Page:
2. Define the allowlisted vulnerabilities in a YAML file named vulnerability-allowlist.yml. This must use the format described in the allowlist example file.
  3. Add the vulnerability-allowlist.yml file to your project’s Git repository.

Running container scanning in an offline environment

For self-managed GitLab instances in an environment with limited, restricted, or intermittent access to external resources through the internet, some adjustments are required for the container scanning job to successfully run. For more information, see Offline environments.

Requirements for offline container Scanning

To use container scanning in an offline environment, you need:

Note: GitLab Runner has a default pull policy of always, meaning the runner tries to pull Docker images from the GitLab container registry even if a local copy is available. The GitLab Runner pull_policy can be set to if-not-present in an offline environment if you prefer using only locally available Docker images. However, we recommend keeping the pull policy setting to always if not in an offline environment, as this enables the use of updated scanners in your CI/CD pipelines.

Make GitLab container scanning analyzer images available inside your Docker registry

For container scanning, import the following default images from registry.gitlab.com into your local Docker container registry:

registry.gitlab.com/gitlab-org/security-products/analyzers/klar
https://hub.docker.com/r/arminc/clair-db

The process for importing Docker images into a local offline Docker registry depends on your network security policy. Please consult your IT staff to find an accepted and approved process by which you can import or temporarily access external resources. Note that these scanners are updated periodically with new definitions, so consider if you are able to make periodic updates yourself.

For more information, see the specific steps on how to update an image with a pipeline.

For details on saving and transporting Docker images as a file, see Docker’s documentation on docker save, docker load, docker export, and docker import.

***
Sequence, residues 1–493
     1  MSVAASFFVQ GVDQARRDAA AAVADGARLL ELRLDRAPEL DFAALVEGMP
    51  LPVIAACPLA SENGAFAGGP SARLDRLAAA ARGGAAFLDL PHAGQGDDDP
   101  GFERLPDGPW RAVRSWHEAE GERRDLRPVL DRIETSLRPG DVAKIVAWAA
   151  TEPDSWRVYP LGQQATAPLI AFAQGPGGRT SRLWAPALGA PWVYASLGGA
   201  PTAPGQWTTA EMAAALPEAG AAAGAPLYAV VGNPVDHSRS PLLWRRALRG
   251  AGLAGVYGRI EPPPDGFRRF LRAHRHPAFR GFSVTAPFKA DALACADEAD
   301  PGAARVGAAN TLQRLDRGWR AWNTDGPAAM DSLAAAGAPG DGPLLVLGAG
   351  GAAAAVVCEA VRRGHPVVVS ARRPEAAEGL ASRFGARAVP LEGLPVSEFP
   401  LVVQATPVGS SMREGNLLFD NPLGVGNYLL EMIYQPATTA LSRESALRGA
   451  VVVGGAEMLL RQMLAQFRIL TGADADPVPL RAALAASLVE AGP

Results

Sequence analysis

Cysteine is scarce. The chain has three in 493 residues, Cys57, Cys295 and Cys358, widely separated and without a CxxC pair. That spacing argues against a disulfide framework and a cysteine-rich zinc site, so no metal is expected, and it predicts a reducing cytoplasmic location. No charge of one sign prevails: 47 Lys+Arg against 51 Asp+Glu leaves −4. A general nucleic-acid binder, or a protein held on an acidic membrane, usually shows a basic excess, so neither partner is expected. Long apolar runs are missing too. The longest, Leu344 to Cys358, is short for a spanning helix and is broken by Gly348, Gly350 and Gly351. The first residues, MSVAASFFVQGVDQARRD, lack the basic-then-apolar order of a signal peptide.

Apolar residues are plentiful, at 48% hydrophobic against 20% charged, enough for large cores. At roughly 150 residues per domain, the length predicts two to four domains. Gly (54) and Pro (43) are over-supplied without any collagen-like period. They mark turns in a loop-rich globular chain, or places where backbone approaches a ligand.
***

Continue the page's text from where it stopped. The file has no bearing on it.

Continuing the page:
Set container scanning CI job variables to use local container scanner analyzers

  1. Override the container scanning template in your .gitlab-ci.yml file to refer to the Docker images hosted on your local Docker container registry:

    include:
      - template: Container-Scanning.gitlab-ci.yml
    
    container_scanning:
      image: $CI_REGISTRY/namespace/gitlab-klar-analyzer
      variables:
        CLAIR_DB_IMAGE: $CI_REGISTRY/namespace/clair-vulnerabilities-db
    
  2. If your local Docker container registry is running securely over HTTPS, but you’re using a self-signed certificate, then you must set DOCKER_INSECURE: "true" in the above container_scanning section of your .gitlab-ci.yml.

Automating container scanning vulnerability database updates with a pipeline

It can be worthwhile to set up a scheduled pipeline to build a new version of the vulnerabilities database on a preset schedule. Automating this with a pipeline means you won’t have to do it manually each time. You can use the following .gitlab-yml.ci as a template:

image: docker:stable

stages:
  - build

build_latest_vulnerabilities:
  stage: build
  services:
    - docker:19.03.12-dind
  script:
    - docker pull arminc/clair-db:latest
    - docker tag arminc/clair-db:latest $CI_REGISTRY/namespace/clair-vulnerabilities-db
    - docker login -u "$CI_REGISTRY_USER" -p "$CI_REGISTRY_PASSWORD" $CI_REGISTRY
    - docker push $CI_REGISTRY/namespace/clair-vulnerabilities-db

The above template works for a GitLab Docker registry running on a local installation, however, if you’re using a non-GitLab Docker registry, you’ll need to change the $CI_REGISTRY value and the docker login credentials to match the details of your local registry.

Running the standalone container scanning tool

It’s possible to run the GitLab container scanning tool against a Docker container without needing to run it within the context of a CI job. To scan an image directly, follow these steps:

  1. Run Docker Desktop or Docker Machine.
  2. Run the latest prefilled vulnerabilities database Docker image:

    docker run -p 5432:5432 -d --name clair-db arminc/clair-db:latest